Bargee Travellers who want to vote in the General Election on 8th June 2017 can register to vote by declaring a local connection. You need to register by 22nd May. Anybody who does not have a fixed or a residential address can register this way. However you cannot register to vote online if you are declaring a local connection.
Here is the voter registration form to download and use anywhere in England and Wales Electoral Registration Generic NFA
Send the form by post to the Electoral Registration Officer of the local authority where you have declared a local connection. You will find the Electoral Registration Officer’s address on the local authority’s web site and at the nearest library. You don’t need an address to vote; you can use the electoral registration office’s address for mail relating to elections, such as voting cards, and collect these in person.
After RBOA press release; http://www.rboa.org.uk/continuous-cruising-a-new-approach-from-the-rboa/
NBTA London’s response;
Residential Boat Owners’ Association (RBOA) seems to want all waterway authorities to act beyond the British Waterways Act 1995. Their online statement states that the ‘RBOA is well aware of the inadequacy of the British Waterways Act 1995 in providing a legal framework covering continuous cruising’. We can see why RBOA thinks this from their online statement; they want to redefine navigation in the same way the Canal and River Trust (CRT) want to include an element of distance for boats without a home mooring as a gauge of navigation. RBOA states an example of using distance as a gauge of navigation by saying they would be in favour of boats without a home mooring completing a ‘progressive journey’ ‘that would equate to 200 and 300 miles per year’. This is why RBOA thinks that the 1995 Act isn’t good enough.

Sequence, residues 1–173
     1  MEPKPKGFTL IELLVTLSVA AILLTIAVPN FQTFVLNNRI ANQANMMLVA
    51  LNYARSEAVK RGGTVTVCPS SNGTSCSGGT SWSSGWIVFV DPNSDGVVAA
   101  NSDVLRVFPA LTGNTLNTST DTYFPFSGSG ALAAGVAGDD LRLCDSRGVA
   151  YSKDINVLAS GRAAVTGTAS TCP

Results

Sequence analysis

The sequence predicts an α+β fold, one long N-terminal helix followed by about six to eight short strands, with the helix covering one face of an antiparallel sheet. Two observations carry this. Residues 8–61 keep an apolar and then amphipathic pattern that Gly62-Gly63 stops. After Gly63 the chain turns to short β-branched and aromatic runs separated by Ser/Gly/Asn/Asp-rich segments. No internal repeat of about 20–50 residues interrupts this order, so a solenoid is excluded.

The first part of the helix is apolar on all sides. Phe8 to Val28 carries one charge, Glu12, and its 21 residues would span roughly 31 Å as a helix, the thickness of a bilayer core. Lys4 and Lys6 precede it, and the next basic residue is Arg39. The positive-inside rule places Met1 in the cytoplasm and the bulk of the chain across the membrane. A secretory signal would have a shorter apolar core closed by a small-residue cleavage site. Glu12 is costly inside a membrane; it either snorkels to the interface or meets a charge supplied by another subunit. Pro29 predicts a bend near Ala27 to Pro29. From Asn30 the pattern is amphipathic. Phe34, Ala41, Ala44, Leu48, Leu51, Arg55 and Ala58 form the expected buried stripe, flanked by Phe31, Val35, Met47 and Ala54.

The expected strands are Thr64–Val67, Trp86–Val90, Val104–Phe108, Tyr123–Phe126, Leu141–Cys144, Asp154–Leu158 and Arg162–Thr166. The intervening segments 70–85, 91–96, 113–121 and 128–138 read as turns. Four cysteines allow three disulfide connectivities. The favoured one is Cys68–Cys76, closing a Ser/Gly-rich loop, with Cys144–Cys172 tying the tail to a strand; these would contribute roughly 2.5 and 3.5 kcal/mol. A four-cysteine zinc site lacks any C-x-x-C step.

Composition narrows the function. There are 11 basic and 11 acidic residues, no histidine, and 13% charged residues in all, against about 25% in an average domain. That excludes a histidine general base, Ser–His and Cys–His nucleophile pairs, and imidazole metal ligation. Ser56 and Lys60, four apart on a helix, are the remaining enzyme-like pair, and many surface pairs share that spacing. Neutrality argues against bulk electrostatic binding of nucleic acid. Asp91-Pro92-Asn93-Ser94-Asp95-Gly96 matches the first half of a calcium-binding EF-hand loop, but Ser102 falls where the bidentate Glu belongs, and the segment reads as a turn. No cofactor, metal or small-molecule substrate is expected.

The RBOA’s preference for a 200-300 mile distance comes from a place of prejudice. Prejudice against working people who are travelling boaters; against bargee traveller families; and boaters who are physically or mentally ill, as opposed to those boaters who use the waterways as a place for their hobbies or leisure who may have a boat as a second home. The waterways are a place for a range of people and they are not just for a certain kind of person.
The RBOA’s statement talks of London (and Bath) having too many boats; and a dislike of boats without home moorings ‘with having lifestyle connections with one place – for example: education of children, employment or health needs’. This is very telling of the intentions for their envisioned rules. Their intentions are to get rid of a sizeable part of the boaters without home mooring community.
RBOA seems to have no interest in the law, not just the 1995 Act but the Equality Act 2010. The Equality Act 2010 states that equality adjustment should be made by bodies as such as CRT for people with health needs in order to address unequal opportunity. To demand that all waterway authorities should act against people without home moorings that need to be in a certain area because of health needs is a demand that waterway authorities should break the law under the Equality Act 2010.
The NBTA is against demands for more rules on boats without a home mooring and if these demands are left unchallenged, it would encourage waterway authorities to push off a sizeable part of our community off the waterways. We will need to keep a watchful eye on CRT and other waterways authorities who want to use this as an excuse for any changes to enforcement which puts more pressure on boat dwellers without home moorings. NBTA will act against any increase in enforcement.
NBTA London is trying to raise money to print the next newsletter. Last newsletter cost us £90 and with us renting an office for casework for £16 per month, we need a bit of money.